in the church belonging to it, headed by the pro- 
vincial, the superiors, and the functionaries of the 
order, on the spot. All spaces are filled by spec- 
tators from the neighborhood. The general him- 
self presides on these occasions, when circumstances 
allow him so to do. After saying Mass, and with 
the holy sacrament of the Eucharist before him, the 
General, or in his absence the provincial, turns 
toward him who is to profess, and who having made 
the general confession, and uttered the words usual 
before the communion, recites with a loud voice the 
formula (which has been in his hånds some days) 
to the foUowing effect : — 

" I, N., make profession, and I promise tq God 
Almighty, before the Virgin, his Mother, and before 
the universal celestial court, and all here present, 
and to thee. Reverend Father N., General of the 
Soeiety of Jesus, and standing in the place of God, 


and to thy successors (or to the official who shall 
aet as proxy for the General) — ^perpetual poverty, 
chastity, and obedience, and conformably with which 
(obedience) I promise a peculiar care in the instruc- 
tion of youth, and all in accordance with the rule 
of life set forth in the Letters Åpostolic, and the 
Constitutions of the Societv of Jesus. 

"Purther, I promise a special obedience to the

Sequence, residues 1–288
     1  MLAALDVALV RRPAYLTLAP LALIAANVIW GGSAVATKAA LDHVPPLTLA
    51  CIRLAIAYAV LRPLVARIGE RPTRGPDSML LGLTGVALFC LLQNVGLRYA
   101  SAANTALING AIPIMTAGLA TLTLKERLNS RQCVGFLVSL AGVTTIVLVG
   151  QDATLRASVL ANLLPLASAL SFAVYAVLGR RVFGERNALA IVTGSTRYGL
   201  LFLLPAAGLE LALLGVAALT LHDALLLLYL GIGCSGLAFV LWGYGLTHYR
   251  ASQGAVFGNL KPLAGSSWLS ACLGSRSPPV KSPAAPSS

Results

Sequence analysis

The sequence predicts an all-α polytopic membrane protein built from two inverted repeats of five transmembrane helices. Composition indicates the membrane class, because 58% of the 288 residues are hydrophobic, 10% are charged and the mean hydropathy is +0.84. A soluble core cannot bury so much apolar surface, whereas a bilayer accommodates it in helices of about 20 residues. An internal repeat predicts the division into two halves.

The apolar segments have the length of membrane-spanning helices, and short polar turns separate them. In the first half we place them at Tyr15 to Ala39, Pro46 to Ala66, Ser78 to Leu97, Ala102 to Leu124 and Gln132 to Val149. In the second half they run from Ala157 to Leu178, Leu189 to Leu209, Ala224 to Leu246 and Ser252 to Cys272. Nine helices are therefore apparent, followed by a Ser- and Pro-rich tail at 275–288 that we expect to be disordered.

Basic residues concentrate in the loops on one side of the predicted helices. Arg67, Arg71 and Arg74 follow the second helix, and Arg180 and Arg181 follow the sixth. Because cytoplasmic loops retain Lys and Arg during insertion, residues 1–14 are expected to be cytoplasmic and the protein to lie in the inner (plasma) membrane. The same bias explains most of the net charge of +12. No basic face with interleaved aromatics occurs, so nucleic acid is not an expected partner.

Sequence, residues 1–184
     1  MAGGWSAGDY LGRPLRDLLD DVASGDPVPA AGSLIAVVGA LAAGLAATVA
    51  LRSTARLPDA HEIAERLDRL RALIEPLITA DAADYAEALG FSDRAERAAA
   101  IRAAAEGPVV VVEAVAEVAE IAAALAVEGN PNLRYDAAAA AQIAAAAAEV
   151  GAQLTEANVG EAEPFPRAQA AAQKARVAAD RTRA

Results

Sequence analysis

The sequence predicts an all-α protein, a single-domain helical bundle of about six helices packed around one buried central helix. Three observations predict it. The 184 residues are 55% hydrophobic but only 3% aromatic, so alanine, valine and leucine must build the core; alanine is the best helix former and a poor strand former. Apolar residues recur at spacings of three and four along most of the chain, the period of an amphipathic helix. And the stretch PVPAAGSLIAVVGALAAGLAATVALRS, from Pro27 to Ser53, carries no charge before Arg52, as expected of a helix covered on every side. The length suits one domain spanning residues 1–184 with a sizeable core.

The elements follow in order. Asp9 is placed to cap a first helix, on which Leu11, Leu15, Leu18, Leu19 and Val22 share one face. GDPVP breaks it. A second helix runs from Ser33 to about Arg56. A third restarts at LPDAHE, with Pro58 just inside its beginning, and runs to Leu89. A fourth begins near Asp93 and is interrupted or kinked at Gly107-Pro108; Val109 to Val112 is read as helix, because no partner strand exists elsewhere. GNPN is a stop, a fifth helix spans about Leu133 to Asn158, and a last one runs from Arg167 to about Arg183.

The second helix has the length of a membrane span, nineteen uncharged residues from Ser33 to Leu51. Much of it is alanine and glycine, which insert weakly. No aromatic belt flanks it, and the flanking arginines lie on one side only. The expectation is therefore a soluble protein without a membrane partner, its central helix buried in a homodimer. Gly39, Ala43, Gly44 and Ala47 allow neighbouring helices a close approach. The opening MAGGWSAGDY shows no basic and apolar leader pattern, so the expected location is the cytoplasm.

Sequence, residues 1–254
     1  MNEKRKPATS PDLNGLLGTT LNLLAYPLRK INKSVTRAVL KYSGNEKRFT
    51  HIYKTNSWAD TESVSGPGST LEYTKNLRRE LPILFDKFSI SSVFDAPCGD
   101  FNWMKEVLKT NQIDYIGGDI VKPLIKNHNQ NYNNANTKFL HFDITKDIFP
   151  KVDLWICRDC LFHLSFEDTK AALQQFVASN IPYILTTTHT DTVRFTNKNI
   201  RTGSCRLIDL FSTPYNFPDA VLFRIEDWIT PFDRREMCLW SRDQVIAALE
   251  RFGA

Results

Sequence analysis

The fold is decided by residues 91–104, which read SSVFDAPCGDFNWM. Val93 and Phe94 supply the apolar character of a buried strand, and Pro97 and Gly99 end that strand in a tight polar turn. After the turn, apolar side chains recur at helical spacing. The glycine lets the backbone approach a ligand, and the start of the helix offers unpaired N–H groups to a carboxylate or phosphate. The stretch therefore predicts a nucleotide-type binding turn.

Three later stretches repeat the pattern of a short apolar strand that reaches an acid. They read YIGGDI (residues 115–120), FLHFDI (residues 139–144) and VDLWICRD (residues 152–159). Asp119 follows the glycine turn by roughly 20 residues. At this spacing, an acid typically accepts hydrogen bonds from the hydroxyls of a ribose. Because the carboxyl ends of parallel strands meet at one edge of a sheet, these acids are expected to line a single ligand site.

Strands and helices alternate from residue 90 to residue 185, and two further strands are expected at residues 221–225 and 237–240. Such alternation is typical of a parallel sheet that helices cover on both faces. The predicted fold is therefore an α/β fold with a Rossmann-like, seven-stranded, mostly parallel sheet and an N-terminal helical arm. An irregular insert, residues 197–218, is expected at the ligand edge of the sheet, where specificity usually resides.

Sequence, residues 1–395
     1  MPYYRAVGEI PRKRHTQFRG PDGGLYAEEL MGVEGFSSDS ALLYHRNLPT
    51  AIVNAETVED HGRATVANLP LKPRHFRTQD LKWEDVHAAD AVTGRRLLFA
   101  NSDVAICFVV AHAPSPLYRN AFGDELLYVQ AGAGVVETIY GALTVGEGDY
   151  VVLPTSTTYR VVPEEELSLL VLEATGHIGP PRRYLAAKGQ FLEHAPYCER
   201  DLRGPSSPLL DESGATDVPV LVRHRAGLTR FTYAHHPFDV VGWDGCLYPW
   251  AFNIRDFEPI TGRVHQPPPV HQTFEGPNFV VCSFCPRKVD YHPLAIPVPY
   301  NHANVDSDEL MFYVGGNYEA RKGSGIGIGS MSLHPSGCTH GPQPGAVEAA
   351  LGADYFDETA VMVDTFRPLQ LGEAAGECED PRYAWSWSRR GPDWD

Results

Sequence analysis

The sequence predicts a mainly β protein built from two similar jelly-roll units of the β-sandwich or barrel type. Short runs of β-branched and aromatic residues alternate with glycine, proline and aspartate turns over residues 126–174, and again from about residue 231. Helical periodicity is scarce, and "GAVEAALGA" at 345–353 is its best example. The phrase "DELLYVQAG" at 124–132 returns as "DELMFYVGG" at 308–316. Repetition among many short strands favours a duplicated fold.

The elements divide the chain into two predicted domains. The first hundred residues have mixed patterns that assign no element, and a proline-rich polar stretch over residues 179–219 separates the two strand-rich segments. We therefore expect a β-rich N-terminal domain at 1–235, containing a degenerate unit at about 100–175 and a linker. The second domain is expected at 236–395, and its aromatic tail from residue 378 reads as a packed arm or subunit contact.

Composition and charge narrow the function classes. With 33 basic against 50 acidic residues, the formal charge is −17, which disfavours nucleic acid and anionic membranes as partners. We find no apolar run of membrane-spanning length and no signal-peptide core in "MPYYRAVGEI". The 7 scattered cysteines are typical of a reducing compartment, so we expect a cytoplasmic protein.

Sovereign Pontiff in that which regards missions, as 
declared in the same Letters Apostolic and Consti- 
tutions, made at Rome (or elsewhere) the day, 
month, year, and in the church named." 

These vows pronounced, the professed receives 
the Holy Sacrament of the Eucharist, and his 
name is enroUed in the registry of the Society, and 
a copy of his vows, written with his own hånd, is 
deposited among its archives. A corresponding 
form — the fourth vow of obedience to the Pope, is 
omitted in thø admission of the coadjutors and of 
the Scholars. 

The SixTH Part of the Constitutions relates to 
the behavior and occupations of those who in this 
manner have entered the Society. The first point 
being that chastity, concerning which nothing more 
need be said than that the vow thereto relating 
binds to an endeavor to imit9,te the purity of the 
angels in body and mind. But the vow of obedi- 
ence — ^being in faet the very- rudiment of the Jesuit 
Institute — demands a rigorous explication of its 
meaning and extent. We should not fail to observe 
the peculiar anxiety which manifests itself in rela- 
tion to this subject, whenever it is alluded to in the 
Constitutions, or elsewhere. No one can doubt that 


it ia understood to be the foundation-stone of the 

An instantaiieous compliance, not merely with 
the express commandsof the superior, but with any 
silent indkation of his will, is the law of evéry 
member of the Society. The entire strength of the 
body, and force of the will, with the special aid of 
the divine grace, is to be concentrated upon this one 
virtue of perfect obedience; — ^holy obedience — per- 
feet always m the execution of command»->perfect 
in the will — perfect in the understand ing. What- 
ever is enjoined is to be performed with prompti- 
tude, with spiritual joy, and perseverance, and in 
the conviction that whatever is commanded by the 
superior is just, and is to be complied with in blind 
obedienccj leaving no room for individual impres- 
sions or judgtnent ; unless sin therein be manifest.